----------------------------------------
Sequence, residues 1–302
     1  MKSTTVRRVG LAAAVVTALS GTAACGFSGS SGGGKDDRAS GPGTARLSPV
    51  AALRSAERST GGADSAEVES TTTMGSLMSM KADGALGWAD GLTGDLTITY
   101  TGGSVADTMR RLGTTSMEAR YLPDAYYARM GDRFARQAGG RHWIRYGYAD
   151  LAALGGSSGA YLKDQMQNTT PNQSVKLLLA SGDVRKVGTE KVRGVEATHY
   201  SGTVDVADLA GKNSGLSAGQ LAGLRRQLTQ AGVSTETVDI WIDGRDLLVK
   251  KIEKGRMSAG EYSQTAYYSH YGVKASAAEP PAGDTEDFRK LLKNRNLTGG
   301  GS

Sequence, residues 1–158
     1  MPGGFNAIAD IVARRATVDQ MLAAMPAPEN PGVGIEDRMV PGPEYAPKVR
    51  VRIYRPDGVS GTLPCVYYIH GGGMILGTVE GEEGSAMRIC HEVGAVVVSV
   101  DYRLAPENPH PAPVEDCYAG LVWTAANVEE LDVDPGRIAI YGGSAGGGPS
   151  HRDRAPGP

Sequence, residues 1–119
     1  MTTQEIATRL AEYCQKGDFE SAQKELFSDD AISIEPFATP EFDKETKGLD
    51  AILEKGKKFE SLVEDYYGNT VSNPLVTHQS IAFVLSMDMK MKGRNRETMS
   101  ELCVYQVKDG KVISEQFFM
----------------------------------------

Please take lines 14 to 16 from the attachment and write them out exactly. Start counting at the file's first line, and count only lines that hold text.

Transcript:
Sequence, residues 1–119
     1  MTTQEIATRL AEYCQKGDFE SAQKELFSDD AISIEPFATP EFDKETKGLD
    51  AILEKGKKFE SLVEDYYGNT VSNPLVTHQS IAFVLSMDMK MKGRNRETMS